Cognitive Development

Component 1: Logic and Reasoning

Standard 1.a: Children apply strategies and draw upon past knowledge and experiences to meet goals and solve problems.

By the following age ranges, children typically, for example:

  • Explore objects and materials in different ways (e.g., mouthing, reaching for, or hitting, banging, and squeezing them)
  • Bang a block (or other object) on the floor repeatedly to hear the sound that it makes
  • Combine learning schemes to learn more about an object (e.g., mouthing and then shaking a rattle)
  • Demonstrate an understanding of simple cause and-effect relationships (e.g., looking toward the sky when they hear an airplane)
  • Explore small openings and look for items to put in the openings, including their fingers
  • Solve simple problems independently (e.g., by climbing to retrieve an out of-reach object)
  • Demonstrate recognition of cause-and-effect relationships (e.g., pushing on a toy truck and watching it roll away)
  • Use visual comparisons to compare quantities (e.g., which pile of crackers has more)
  • Stack and then knock down “towers” and then stack them up again
  • Explore the properties of objects by grabbing, pushing, pulling, turning over, and throwing them
  • Make simple decisions, take action, and observe the effect of their actions on others (e.g., pushing a toy truck toward an adult, watching it hit the adult, and observing how the adult reacts)
  • Treat objects differently as they begin to understand similarity and difference (e.g., squeezing stuffed animals and throwing balls)
  • Separate objects by a single feature (e.g., color
  • Match simple geometric forms (e.g., circle, square, triangle) that have the same size and orientation
  • Develop learning schemes related to people and actions (e.g., saying “goodbye” and then leaving, or asking for music and then dancing to it)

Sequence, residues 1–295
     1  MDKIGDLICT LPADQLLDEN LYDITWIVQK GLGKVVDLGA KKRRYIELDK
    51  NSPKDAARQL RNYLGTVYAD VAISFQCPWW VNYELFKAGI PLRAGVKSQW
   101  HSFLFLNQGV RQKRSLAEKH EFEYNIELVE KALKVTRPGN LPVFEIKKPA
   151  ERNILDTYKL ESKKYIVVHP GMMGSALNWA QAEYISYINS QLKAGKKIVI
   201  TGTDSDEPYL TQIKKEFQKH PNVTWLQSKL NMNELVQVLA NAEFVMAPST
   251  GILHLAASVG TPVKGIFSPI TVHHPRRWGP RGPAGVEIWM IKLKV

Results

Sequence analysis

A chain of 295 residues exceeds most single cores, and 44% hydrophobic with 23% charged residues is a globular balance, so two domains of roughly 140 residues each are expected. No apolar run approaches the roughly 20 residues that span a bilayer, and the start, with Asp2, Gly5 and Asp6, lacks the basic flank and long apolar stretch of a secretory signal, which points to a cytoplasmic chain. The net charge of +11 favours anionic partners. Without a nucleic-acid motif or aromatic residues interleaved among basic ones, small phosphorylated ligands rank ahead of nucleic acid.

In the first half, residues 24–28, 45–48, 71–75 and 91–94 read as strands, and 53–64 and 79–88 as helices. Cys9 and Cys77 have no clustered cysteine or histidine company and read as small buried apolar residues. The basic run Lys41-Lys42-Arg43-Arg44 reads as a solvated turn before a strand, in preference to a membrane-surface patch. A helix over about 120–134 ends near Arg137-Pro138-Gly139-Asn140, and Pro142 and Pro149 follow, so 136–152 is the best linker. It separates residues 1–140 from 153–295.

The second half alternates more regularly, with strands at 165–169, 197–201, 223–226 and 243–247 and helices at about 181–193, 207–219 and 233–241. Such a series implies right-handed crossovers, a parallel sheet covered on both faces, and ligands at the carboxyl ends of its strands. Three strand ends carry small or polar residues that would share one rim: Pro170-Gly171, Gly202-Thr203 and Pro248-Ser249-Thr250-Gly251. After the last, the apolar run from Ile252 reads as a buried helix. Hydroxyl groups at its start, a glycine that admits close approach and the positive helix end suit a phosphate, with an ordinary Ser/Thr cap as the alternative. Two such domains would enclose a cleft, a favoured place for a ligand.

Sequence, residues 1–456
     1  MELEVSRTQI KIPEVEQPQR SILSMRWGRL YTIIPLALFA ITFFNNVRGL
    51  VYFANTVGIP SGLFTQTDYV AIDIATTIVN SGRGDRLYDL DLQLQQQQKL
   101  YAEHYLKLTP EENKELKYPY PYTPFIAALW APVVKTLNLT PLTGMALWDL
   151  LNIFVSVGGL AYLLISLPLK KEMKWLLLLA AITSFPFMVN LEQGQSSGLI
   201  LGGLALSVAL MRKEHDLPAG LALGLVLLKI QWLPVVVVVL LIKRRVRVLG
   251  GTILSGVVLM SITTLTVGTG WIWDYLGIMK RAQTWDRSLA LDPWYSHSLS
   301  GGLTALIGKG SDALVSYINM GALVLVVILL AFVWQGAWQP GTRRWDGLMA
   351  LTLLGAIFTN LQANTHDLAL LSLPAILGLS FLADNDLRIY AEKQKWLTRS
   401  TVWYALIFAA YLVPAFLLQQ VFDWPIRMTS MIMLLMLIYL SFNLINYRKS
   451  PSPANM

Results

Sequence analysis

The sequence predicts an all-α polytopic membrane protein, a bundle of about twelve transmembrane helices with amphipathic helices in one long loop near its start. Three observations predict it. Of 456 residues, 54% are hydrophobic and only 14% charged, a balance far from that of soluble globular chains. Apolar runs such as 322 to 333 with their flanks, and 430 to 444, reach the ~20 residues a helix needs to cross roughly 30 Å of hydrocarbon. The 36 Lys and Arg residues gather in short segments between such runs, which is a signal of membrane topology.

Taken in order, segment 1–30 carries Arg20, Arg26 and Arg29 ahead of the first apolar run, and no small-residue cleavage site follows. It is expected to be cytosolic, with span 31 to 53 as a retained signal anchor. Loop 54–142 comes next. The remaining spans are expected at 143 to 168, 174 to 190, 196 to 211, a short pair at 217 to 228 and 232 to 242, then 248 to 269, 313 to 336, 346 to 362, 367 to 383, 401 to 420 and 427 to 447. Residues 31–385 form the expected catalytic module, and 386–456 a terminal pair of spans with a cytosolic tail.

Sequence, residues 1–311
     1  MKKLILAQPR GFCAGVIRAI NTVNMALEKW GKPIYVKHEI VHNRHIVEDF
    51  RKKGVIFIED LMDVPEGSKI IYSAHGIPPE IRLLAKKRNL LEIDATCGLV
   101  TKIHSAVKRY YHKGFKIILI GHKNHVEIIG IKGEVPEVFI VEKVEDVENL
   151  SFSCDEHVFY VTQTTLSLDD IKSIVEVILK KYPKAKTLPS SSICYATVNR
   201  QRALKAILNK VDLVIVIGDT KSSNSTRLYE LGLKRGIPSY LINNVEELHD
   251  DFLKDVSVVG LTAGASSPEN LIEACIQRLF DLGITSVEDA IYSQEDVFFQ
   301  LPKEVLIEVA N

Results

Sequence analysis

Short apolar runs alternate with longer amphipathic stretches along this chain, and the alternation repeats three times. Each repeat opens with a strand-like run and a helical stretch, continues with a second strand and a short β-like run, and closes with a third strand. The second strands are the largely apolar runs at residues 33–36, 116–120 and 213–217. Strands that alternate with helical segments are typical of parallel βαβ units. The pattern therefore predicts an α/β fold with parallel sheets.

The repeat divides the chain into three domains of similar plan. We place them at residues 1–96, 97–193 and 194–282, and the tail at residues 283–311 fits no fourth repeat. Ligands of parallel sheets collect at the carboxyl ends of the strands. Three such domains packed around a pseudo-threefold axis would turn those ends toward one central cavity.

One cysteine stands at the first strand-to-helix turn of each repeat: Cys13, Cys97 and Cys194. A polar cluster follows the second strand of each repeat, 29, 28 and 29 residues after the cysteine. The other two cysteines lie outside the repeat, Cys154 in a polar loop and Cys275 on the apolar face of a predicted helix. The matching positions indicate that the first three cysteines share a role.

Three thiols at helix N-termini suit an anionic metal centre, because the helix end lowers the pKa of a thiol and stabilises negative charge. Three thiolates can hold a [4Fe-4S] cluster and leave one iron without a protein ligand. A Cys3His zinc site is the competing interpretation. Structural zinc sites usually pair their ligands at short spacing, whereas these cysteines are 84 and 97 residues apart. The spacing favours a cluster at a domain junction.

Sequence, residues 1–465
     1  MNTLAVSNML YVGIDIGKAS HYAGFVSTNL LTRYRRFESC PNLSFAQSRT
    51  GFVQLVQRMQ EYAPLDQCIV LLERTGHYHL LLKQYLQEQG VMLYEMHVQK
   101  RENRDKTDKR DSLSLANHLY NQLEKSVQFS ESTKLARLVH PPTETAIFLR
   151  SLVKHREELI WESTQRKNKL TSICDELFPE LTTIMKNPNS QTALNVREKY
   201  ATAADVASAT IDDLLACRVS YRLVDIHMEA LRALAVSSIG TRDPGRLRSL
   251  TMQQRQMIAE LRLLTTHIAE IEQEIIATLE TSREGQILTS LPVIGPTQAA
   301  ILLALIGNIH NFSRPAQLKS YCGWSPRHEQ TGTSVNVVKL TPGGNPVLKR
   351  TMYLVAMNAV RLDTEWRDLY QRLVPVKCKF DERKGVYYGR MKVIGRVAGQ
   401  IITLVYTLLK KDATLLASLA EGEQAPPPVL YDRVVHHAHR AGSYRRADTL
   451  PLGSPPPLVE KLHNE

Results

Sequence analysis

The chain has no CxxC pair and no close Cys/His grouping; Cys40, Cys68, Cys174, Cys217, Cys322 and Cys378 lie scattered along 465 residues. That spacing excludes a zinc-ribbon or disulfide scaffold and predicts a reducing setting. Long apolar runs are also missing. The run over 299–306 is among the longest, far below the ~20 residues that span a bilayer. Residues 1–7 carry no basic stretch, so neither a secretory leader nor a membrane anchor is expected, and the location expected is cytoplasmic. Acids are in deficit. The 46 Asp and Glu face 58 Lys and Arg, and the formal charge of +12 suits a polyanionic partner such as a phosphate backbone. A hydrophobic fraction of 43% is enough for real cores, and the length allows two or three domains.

• Make plans before attempting to solve some simple problems
  • Explore cause-and effect relationships by intentionally repeating an action and observing the reaction (e.g., rolling a car down a ramp repeatedly and observing the distance the car traveled)
  • Engage in pretend play sequences (e.g. playing “kickball” which requires kicking a ball, running, and then stopping at a base, not necessarily in order)
  • Use previous experiences to make plans before attempting to solve some problems (e.g., using a wagon to gather toys into one spot rather than trying to carry them all by hand)
  • Solve simple problems without trying every possibility (e.g., putting big blocks at the base of a tower and smaller blocks on top to make a tower that doesn’t topple)
  • Explore cause-and-effect relationships by intentionally varying the action to change the reaction (e.g., rolling two different cars down a ramp and observing the different distances traveled)
  • Sort objects and then count and compare the groups formed
  • Solve complex problems by planning and carrying out a sequence of actions
  • Analyze the result of an attempted solution and use the new information to solve a problem (e.g., trying to staple pieces of paper after unsuccessfully trying to tape them together)
  • Explain their reasoning behind a strategy or choice and why it worked or didn’t work
Scroll to Top